Star Trek Origins: Beginnings (1500 words)

Discussion in 'Fan Fiction' started by XCV330, Aug 7, 2018.

  1. XCV330

    XCV330 Commodore Fleet Captain

    Sep 24, 2017
    (this is actually prelude stuff for an rp that is ongoing on a virtual world setup, but I thought i'd share this)


    Citizen Ioan Spir, Commander Eastern Coalition Advanced Tactical Engineering Squadron

    Having been beneficial to these hearings and the War Crimes Tribunal, and having voluntarily surrendered rather than flee to the Warlord States, he has been offered settlement on the Moon. He will be required identity reassignment and sterilization. Terms of his sentence have been reduced to exile from Planet Earth.

    Minutes of the United Earth Peace and Reconciliation Hearings
    Columbo, Sri Lanka, March 1, 2069

    His room, if one could call it that, was a white capsule with enough room for one to sleep in, and to sit up, if the occupant stooped their shoulders. It had a screen for network data access and entertainment. It had a shelf for a few possessions. It had a flat screen view of the moon outside that could be flipped to beautiful views of non-ravaged areas of Earth, pretending to be a window. He always left it on the beautiful desolation of Luna, even in 14 days of lunar night, when the land was pitch dark and only the stars could be seen.

    Apart from the fake window, it was not that far different from accommodations through most of his life. This part of Luna Colony had just started to adopt artificial gravity panels, to the consternation of the long termers who had allowed their muscles to atrophy. The long stair cases between levels designed for that strange lunar stride were being rebuilt, but adaptation was difficult.

    Spir did not have to adapt. Seven years on the moon had not affected him physically in the least. His body had been designed to resist muscular-skeletal atrophy. It was an adaptation that would have once been a necessity if the Moon and Mars were to have been colonized. Now that genetic augmentation, like the rest of him, was mostly a technological cul de sac. Unlike the other long-timers, he welcomed the return to gravity, the natural effort.

    Emails flashed up, another neighbor asking him to join a petition for Colony Council to lower the gravity back in the old areas of the station. And some desperate parent wrote, believing augment blood could cure leukemia. He ignored the first. He directed the latter to the Vulcan Medical Exchange. They had a real cure.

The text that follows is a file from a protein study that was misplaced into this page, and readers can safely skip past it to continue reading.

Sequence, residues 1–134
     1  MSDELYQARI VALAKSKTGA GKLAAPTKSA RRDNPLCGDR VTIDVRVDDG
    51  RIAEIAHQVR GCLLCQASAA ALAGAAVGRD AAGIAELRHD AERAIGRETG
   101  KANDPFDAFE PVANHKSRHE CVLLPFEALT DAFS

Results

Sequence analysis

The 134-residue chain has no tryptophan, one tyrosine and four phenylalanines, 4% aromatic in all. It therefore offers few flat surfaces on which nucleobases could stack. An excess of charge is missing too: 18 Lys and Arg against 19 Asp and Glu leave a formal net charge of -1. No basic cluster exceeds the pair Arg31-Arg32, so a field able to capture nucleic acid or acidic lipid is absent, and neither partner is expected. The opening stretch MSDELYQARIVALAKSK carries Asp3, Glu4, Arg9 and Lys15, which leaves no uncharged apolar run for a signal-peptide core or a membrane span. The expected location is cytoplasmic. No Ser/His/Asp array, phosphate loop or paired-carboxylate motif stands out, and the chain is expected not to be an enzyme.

Generally, he laid low. He did his job at Life Support, kept his interactions with others to a minimum. He’d been attacked physically before. Always angry pugilist miners with past grievances, bottled rotgut enabling historical justifications. He even let them get a hit or two in before throwing them with augmented strength down the corridor. The last one had been the sixth to be allowed a few punches on Spir. The local equivalent of police did not care. One day soon it might not be mere punches. If there would be a seventh, then they would bring knives or a something worse. That day would not come.

    Spir kept the law except in one respect. Hidden under his mattress, like a prisoner’s shank, he’d built a small, crude, effective little plasma pistol, and left it unregistered. He’d completed it the night before. Crude, heavy, and undetectable until used or taken past the scanners. It had enough power in its supercap for a single shot. And that’s all it would take, really.

    Poison was one way to go, but he had to face the reality that it might not work, and he hated incomplete jobs. Simply stepping out the airlock and opening his suit disturbed him for reasons that might seem silly to others. Space: the void, was a beauty to him, the final frontier. The natural world was marred by death, a never-ending cycle of violence. It should never be spread to a new home, even acts of self-violence. He could not cut his wrists and expect to die before his body healed itself. There were penalties for being new, for being better.

    So he held the plasma pistol to his temple. He felt the emitter nozzle on his skin. There was no note to write. No confessions to make. E-Con was not going to have veteran’s associations or glorious parades around the squares of towns that no longer existed. He could not remember what the fighting had been for or what it had ever meant. There was something new in the air, there was hope, but he was not part of it. And it was time to go, and go without any fuss.